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Why is the iPhone so popular with developers? One word: money. The App Store is a developer's lottery ticket. All it takes is the right app at the right time and fortune can be yours.
The widely-publicized stories of developers who struck it rich with iPhone apps arguably did more for iPhone development in the early days than any developer-oriented sales pitch from Apple or Steve Jobs. It has been somewhat difficult, however, to find the same sort of stories about developers who struck it rich with Android apps.
Meet Edward Kim. He won third place in the Android Developer Challenge 2 last year. But that's not his claim to fame. His claim to fame is the fact that his Car Locator Android app, which remembers where a user's car has been parked, is now generating $13,000/month in sales through the Android Marketplace. As you might have guessed, Kim is "on cloud 9 with these numbers". As he should be.
While Car Locator's sales figures might not impress an App Store millionaire, Kim's story is sparking the same sort of buzz that became familiar when the App Store was starting to take off. That can mean only one thing: the Android gold rush is upon us.
For his part, Kim is trying to be realistic. He writes:
Sales of about $13k/month is awesome income for any one person, so it may sound ridiculous for me to think it can go even higher.
But he's also optimistic about the future:
However, I still think that Android is only a fraction of what it will eventually become. Each release of a new Android handset gets me excited, as it means a wider reach for the Marketplace.
Needless to say, the fact that Kim is making $13,000/month from a single Android app is as good a reason as any to believe that Android does indeed have a bright future as a developer platform. But as with any gold rush, not everyone will cash in. Not only will increased competition make it more difficult for newcomers to find success, the Android Marketplace presents some unique challenges:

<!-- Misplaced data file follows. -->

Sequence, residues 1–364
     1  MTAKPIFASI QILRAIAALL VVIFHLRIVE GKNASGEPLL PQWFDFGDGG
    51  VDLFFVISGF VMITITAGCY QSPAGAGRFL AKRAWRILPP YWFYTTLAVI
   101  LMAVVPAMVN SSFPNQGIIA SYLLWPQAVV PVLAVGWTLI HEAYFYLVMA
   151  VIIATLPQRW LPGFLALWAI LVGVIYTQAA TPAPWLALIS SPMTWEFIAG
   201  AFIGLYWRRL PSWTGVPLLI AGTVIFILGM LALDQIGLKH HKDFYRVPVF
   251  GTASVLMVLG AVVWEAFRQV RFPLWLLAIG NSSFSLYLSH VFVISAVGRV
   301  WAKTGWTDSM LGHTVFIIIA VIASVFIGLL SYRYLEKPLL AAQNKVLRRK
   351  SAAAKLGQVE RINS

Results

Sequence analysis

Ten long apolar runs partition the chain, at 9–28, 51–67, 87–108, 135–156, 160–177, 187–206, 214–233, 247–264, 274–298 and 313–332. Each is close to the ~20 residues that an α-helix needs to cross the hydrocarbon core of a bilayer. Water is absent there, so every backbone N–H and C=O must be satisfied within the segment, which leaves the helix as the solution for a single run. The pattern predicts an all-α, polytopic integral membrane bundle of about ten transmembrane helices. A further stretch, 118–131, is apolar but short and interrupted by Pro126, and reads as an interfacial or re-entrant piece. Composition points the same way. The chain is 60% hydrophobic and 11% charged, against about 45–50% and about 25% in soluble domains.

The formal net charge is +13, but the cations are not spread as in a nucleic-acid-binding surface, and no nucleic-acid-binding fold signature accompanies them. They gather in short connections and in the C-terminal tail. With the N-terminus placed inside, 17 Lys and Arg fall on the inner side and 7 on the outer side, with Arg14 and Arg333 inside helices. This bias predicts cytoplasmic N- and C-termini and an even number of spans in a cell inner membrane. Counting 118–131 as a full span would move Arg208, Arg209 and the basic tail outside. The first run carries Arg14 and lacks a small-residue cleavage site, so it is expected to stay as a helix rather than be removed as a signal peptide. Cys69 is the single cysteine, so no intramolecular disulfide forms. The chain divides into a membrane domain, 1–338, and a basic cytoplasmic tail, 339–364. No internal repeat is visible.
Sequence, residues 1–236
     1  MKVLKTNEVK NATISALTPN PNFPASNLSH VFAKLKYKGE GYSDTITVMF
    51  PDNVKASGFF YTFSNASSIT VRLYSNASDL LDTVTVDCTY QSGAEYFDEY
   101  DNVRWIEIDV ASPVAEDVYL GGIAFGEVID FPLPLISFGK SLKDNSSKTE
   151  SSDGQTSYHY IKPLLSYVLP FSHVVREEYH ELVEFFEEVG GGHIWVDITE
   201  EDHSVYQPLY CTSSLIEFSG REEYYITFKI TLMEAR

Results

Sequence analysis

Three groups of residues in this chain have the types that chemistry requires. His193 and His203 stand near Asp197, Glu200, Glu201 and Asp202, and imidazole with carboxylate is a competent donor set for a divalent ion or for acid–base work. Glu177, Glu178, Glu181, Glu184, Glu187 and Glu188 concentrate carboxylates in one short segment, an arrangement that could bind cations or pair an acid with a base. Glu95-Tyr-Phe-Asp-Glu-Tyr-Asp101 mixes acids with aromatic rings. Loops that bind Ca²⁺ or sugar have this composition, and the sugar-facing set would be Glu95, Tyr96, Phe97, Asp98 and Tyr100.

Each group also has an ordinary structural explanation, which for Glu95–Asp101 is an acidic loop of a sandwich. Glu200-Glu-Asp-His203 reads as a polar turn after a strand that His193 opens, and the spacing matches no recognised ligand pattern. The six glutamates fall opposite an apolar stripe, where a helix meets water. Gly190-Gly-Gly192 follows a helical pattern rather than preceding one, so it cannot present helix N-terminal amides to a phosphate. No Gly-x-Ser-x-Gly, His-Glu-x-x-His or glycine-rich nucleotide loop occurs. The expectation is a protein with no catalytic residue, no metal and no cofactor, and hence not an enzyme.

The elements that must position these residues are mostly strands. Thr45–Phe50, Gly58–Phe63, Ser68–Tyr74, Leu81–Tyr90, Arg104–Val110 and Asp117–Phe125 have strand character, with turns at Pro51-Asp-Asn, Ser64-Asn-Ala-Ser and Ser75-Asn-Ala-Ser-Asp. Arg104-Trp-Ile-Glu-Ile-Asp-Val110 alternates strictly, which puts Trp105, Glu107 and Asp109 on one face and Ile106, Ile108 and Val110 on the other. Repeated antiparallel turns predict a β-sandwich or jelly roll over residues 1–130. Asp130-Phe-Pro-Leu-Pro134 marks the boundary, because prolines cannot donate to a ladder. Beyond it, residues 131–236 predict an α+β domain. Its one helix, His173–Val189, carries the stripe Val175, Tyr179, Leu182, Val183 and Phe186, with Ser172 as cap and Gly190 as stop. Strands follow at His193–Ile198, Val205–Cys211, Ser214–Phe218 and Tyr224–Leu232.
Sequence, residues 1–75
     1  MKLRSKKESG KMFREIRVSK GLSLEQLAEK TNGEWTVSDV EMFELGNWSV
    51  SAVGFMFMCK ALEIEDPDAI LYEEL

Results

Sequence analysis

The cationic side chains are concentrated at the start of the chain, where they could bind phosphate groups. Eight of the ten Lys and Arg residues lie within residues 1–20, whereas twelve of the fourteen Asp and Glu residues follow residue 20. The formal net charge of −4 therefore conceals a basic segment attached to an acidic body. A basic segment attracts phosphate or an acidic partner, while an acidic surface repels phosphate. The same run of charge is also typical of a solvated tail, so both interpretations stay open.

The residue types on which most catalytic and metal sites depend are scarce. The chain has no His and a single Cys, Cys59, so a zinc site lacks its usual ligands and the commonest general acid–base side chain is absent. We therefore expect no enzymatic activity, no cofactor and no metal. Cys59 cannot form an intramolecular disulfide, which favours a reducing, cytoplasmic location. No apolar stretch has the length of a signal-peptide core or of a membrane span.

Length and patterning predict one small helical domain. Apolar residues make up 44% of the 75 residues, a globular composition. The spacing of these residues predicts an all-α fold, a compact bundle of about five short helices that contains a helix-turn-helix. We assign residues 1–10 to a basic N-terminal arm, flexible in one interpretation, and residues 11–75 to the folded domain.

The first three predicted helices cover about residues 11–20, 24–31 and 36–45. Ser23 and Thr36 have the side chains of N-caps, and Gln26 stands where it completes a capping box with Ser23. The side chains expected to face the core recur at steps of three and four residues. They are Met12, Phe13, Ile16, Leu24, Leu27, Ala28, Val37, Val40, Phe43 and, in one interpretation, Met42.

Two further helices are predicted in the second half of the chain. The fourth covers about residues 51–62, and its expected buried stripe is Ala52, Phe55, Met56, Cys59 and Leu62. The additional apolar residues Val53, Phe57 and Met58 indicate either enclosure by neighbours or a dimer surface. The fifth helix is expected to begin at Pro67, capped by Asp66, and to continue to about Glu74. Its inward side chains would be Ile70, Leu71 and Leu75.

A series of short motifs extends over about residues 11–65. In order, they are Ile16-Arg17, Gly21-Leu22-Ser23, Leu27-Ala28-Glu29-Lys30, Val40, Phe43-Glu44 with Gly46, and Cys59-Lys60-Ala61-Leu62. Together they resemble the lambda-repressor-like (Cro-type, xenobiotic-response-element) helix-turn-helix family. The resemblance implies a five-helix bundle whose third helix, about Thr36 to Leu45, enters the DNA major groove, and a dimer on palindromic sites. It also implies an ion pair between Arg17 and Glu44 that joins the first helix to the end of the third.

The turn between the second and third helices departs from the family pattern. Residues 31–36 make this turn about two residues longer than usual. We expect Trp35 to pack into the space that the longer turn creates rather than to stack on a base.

- App purchasing in the Android Marketplace is done with Google Checkout, which many believe has hindered the popularity of paid apps.
- Unlike the App Store, Google doesn't approve apps that are submitted to Android Marketplace. While this laissez-faire approach may be appealing to any developer whose iPhone app was rejected by Apple, it also means that there's room for far more clutter and competition.
- Demographically-speaking, Android users aren't iPhone users. Specifically, Android users don't shell out for paid apps at nearly the rate of iPhone users. That means that developers have to be strategic about the apps they build, and the business models they employ. What works in the App Store may not work in the Android Marketplace, and vice-versa.
At the end of the day, Kim's success with Car Locator is proof that 'there's gold in them thar hills'. But just as with any gold rush, your chances of striking gold increase when you pick the right location and adopt a sensible strategy.
Photo credit: whatleydude via Flickr.